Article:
It might provide the kayaker with a bigger challenge exercise that will increase the upper body strength and strengthen the kayaker’s paddling skills.
A kayaker might have thoughts if there are special skills or a better effective method to paddle upstream.
Truth be told, paddling upstream against the current could be hard and stressful. Paddling is definitely demanding in physical strength. This increases when the kayaker has to paddle over the currents.
Paddling over the current needs the kayaker to use his/her core and also add the upper body muscles than usually done when paddling downstream.
Due to the fact that paddling needs a definite amount of physical strength, the kayaker should stick to a daily keep-fit regime, even out of water.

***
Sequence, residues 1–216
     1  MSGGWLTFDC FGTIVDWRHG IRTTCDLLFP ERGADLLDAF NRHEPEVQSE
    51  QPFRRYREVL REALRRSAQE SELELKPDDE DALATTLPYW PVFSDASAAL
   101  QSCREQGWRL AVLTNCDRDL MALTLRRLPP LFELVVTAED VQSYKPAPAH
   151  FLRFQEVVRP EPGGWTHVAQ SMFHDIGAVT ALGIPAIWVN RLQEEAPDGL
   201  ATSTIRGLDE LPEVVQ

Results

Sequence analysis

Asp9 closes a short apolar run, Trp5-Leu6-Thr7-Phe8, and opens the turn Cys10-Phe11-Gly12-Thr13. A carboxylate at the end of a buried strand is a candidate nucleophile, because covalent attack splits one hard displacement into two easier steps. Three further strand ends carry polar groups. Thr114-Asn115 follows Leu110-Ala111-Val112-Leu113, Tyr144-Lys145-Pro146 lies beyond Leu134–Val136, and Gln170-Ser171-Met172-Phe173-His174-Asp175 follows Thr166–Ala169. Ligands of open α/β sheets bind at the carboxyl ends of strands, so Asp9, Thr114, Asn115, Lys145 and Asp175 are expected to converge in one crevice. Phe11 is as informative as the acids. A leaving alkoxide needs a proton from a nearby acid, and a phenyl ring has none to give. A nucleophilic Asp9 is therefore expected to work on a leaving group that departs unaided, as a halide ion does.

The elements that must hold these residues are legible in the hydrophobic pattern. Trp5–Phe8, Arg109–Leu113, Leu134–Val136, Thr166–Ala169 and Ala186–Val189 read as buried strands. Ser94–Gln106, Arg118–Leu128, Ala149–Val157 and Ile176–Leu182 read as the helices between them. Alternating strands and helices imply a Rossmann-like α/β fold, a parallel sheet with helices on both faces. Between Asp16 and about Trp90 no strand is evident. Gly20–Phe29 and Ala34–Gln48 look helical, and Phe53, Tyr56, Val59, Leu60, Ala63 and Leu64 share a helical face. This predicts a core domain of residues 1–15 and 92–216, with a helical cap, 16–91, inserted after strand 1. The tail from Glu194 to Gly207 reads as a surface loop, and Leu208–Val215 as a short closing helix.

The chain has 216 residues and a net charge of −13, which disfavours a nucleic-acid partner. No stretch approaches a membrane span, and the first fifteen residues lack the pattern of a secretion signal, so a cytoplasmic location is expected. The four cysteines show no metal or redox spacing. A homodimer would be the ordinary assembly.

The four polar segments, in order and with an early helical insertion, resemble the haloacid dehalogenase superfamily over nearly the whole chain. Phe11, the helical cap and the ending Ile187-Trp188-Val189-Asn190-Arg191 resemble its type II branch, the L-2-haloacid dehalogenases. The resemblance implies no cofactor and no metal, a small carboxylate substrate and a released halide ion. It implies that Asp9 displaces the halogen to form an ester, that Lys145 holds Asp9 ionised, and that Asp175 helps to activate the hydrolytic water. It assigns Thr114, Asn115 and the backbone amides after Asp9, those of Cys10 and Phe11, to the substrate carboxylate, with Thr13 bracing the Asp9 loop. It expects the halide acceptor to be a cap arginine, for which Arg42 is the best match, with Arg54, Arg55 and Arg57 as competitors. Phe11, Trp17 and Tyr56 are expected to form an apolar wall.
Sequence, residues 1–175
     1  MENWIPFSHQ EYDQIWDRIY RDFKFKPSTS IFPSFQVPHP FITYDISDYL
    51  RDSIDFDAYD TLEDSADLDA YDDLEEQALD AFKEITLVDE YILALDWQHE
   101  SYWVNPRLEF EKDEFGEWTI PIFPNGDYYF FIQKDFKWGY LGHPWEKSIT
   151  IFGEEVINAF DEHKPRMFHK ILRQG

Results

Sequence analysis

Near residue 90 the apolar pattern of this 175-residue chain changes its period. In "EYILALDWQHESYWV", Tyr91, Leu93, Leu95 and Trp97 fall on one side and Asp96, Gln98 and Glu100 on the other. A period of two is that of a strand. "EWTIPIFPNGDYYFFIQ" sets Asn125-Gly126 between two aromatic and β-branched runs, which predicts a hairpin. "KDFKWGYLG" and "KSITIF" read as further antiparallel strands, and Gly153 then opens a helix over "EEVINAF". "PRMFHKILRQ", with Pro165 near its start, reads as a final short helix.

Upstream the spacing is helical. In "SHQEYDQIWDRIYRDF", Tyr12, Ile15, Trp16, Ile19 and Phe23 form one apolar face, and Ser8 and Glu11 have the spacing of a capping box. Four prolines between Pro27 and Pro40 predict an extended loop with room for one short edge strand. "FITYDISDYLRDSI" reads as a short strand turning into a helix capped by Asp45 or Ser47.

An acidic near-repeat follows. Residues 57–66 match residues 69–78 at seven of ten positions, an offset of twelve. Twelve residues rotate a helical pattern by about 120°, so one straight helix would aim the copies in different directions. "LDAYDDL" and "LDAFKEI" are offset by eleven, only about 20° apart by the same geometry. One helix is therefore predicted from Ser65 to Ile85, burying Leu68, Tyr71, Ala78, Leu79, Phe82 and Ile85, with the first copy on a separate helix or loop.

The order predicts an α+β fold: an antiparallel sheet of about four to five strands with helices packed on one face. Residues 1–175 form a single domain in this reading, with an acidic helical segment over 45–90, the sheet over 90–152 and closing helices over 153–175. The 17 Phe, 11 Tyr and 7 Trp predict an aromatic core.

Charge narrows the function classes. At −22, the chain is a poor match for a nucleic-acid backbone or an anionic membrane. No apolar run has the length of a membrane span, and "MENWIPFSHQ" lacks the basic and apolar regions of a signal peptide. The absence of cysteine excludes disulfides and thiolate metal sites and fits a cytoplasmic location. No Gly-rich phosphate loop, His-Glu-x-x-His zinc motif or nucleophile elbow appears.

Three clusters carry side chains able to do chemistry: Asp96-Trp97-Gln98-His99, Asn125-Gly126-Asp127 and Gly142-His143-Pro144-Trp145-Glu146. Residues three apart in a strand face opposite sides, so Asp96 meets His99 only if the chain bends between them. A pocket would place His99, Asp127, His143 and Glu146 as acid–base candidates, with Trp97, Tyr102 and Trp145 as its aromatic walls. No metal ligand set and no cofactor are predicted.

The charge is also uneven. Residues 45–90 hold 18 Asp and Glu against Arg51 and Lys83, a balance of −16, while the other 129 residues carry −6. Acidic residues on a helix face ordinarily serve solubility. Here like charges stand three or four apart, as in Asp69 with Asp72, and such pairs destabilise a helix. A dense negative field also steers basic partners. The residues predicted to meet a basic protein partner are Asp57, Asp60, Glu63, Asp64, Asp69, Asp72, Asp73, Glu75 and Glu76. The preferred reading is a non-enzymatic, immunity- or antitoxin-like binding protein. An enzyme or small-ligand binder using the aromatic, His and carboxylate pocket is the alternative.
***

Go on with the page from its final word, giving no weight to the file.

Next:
The kayaker should ensure targeting the right muscle groups as identified in the video underneath.
How do you use a strong current in a kayak?
There are things that could be done to make paddling over currents way easy and safe.
Firstly, the kayaker must stock up on the conditions and surrounding that which the paddling would take place. This begins by organizing the adventure.
Plan your upstream paddling
While organizing a paddling adventure with an upstream part in it, endeavor to construct the adventure in a way that the upstream paddle starts the adventure.
For a better adventure, downstream paddling should be the end of the adventure.
This then erases the need for a physically demanding end to the adventure, since the kayaker will then be tired during that period.
Reading the river